La Jasse vintages
Discover our feelings and comments for the last harvested vintages
A vintage awaited with serenity: despite the summer which began in May, the new practices in the vineyard do not seem to have an impact on the yield. Mechanical desuckering, grassing under the developed row and stopping plowing reveal a new satisfactory cleanliness, where nature is freely beautiful.
Following the beautiful exit of the bunch, the grapes are present and healthy. They gradually took on volume despite the lack of water. Water stress and summer temperatures at an early stage accelerate the phenological stages, we imagined having at least a week ahead of the start of the harvest.
The rains of mid-August allowed the grapes to finish their ripening cycle, and to refresh the team a little, who had not imagined starting the harvest so early: the start was on Friday August 12, the same week when a colony of storks came to stop on the estate, 10 days in advance, too.
The sun quickly returned to shine our new harvesting machine which delighted the team of drivers. Every morning during the harvest, we taste the juices. The fermenting vats reveal fresh fruit on the first juices harvested. Despite the hot summer, we don't have hard, green tannins like we had in 2013, another hot year. An atypical vintage, with balanced wines, whose harvest was spread over 40 days.
The first vats in the middle of extraction reveal silky tannins with a refreshing varietal hint. Conclusion: a not-so-sunny vintage!
2021 will remain marked by this terrible frost of April 8. This episode was destructive for two reasons: first, it arrived late, at a time when the first grape varieties had moved (Chardonnay, Grenache, Merlot). Then we faced a black frost which, unlike white frosts, conveyed a temperature of -5 to -7°C over large areas and for several hours. The consequences of frost are above all economic, the loss of harvest is substantial: between 30 to 40%. The frozen vines have seen counter-buds re-bloom and produce fruits that ripen out of step with the others.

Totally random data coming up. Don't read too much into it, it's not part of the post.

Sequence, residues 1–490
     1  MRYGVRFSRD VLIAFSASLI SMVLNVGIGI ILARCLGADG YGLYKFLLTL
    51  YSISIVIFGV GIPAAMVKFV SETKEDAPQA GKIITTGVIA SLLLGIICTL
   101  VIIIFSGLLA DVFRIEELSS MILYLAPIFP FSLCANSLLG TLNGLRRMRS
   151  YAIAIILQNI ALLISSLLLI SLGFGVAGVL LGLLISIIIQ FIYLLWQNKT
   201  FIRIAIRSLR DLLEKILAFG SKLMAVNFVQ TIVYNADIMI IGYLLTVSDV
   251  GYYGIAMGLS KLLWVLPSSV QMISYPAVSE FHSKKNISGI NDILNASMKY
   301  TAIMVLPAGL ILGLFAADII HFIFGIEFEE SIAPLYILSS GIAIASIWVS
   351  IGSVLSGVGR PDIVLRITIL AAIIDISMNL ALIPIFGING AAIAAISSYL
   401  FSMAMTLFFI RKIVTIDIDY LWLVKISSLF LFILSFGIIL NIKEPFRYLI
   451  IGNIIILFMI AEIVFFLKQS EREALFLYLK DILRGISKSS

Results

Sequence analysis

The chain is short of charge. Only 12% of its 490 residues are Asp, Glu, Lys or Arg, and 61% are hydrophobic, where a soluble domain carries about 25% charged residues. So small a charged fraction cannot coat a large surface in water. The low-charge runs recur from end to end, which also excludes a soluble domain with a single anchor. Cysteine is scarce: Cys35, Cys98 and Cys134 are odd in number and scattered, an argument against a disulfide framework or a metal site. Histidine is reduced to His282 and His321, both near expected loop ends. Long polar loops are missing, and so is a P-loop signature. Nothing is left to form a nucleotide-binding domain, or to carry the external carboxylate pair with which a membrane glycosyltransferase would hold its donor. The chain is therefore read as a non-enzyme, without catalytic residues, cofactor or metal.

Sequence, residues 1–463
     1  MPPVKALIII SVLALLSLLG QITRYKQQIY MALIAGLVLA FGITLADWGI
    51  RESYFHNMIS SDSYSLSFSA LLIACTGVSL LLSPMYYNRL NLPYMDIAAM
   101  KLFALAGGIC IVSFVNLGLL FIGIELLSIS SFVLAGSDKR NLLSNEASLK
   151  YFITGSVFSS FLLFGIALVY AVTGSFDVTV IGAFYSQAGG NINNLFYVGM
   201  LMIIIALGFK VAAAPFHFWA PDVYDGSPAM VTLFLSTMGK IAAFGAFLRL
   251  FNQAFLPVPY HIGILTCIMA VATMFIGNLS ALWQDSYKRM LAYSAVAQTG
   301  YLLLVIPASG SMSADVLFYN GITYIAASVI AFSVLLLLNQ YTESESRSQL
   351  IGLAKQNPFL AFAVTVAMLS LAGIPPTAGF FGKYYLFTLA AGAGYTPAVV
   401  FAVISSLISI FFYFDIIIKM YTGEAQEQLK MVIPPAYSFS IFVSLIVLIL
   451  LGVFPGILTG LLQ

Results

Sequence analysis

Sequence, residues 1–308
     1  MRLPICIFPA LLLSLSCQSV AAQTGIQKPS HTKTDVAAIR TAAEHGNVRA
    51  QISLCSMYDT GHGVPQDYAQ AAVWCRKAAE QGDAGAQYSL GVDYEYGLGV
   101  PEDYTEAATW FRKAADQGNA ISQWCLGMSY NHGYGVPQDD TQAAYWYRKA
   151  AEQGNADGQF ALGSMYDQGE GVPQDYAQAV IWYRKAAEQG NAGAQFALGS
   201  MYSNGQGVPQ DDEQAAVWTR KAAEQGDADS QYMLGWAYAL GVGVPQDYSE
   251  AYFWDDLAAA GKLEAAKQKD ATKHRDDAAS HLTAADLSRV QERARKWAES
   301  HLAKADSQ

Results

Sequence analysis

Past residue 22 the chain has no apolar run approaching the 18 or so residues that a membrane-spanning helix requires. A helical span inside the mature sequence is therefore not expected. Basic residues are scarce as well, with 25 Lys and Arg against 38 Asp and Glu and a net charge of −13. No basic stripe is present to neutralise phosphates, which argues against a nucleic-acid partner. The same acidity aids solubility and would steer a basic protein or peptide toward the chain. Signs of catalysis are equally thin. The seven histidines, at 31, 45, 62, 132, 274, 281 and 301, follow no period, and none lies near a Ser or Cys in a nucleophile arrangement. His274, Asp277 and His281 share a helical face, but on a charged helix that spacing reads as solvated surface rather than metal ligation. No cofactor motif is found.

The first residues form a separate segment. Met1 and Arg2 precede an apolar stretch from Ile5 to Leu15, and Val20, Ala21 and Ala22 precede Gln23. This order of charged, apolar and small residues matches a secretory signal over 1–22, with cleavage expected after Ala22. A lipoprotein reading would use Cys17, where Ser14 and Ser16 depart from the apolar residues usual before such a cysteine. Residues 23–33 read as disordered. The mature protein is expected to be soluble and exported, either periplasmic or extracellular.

After April, we witnessed an astonishing vintage with the regularity of the rains which accompanied the development of the vine. And we have seen mildew this year! The first maturity checks showed grapes with very good acidity and very nice fresh fruit. We are based on a northern vintage!
It is an "oenologist's vintage" as we like to say: a technical year with healthy grapes, great fruity potential and tannins that will have to be extracted with precision. The delay in the harvest due to the April frost gave us great heterogeneity of grapes per plot. But we managed to harvest as late as possible to obtain ripe, rich and silky wines.
A few weeks before the harvest, we are optimistic about the potential of this vintage. A year with a vinvin number had to be favorable to the vine. 2020 will have braved climatic and sanitary hazards but the vines are in good health to date, like the teams that care for them.
The wet spring gave some cold sweats when in full confinement it was necessary to treat against mildew. Fortunately for us, the vines took advantage of the water without being affected by the fungus and the rains at budburst allowed vegetation to get off to a good start. This wet spring was life-saving because since mid-May there has been hardly any rain. The soil and the vines have had the necessary to allow a good functioning of the soil and therefore a good nutrition of the plant.
The vine is doing very well to date and is benefiting from fairly strong heat which should maintain the 7 to 10 days ahead of schedule that we have over a normal year. We will certainly harvest the chardonnay after August 15 and the rosé will follow at the end of August. The indicators are green as we write these few lines but anything can happen until then, we have learned to be careful with forecasts.
Following very favorable conditions in spring and summer, we noted a week to 10 days ahead of maturities. September was very hot: up to 35°C. This reinforced this shift compared to previous years. Record earliness for the whites: start of the harvest on August 19. All the grape varieties kept this lead, the last Cabernet Sauvignon were harvested on September 24th. In general we finish around October 1st.
The vine had no water stress which resulted in larger than normal berries. The fermentations are going without a hitch: the extractability is very good, the color is impressive and the tannins are already very melted. Our yields are higher and despite this the wines seem to us as concentrated as last year.
The whole team feels valued by the results obtained. Yield, quality, everything is there. It is the fruit of this exceptional vintage placed under the tone of solidarity.
Solidarity which made it possible to overcome the obstacles of this vintage when all the staff came to help to finish the preparation of the vines. Solidarity to reinvent a disrupted organization. Solidarity to manage this anxiety-provoking period and maintain a social bond.